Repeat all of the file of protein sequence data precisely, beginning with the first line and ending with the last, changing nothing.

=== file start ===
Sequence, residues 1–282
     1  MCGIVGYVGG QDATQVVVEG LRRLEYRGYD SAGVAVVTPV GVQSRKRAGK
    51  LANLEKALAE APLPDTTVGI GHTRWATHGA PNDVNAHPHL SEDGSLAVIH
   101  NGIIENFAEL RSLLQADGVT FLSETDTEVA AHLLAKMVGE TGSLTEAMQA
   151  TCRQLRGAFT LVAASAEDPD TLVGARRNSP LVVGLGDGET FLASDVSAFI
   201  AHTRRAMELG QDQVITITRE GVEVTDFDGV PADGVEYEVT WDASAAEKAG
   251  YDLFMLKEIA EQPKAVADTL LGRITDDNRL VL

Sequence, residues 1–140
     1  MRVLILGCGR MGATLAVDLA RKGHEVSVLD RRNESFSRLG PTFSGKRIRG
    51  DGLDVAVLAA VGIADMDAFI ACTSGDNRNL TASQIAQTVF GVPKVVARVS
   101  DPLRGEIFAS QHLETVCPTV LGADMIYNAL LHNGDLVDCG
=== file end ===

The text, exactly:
Sequence, residues 1–282
     1  MCGIVGYVGG QDATQVVVEG LRRLEYRGYD SAGVAVVTPV GVQSRKRAGK
    51  LANLEKALAE APLPDTTVGI GHTRWATHGA PNDVNAHPHL SEDGSLAVIH
   101  NGIIENFAEL RSLLQADGVT FLSETDTEVA AHLLAKMVGE TGSLTEAMQA
   151  TCRQLRGAFT LVAASAEDPD TLVGARRNSP LVVGLGDGET FLASDVSAFI
   201  AHTRRAMELG QDQVITITRE GVEVTDFDGV PADGVEYEVT WDASAAEKAG
   251  YDLFMLKEIA EQPKAVADTL LGRITDDNRL VL

Sequence, residues 1–140
     1  MRVLILGCGR MGATLAVDLA RKGHEVSVLD RRNESFSRLG PTFSGKRIRG
    51  DGLDVAVLAA VGIADMDAFI ACTSGDNRNL TASQIAQTVF GVPKVVARVS
   101  DPLRGEIFAS QHLETVCPTV LGADMIYNAL LHNGDLVDCG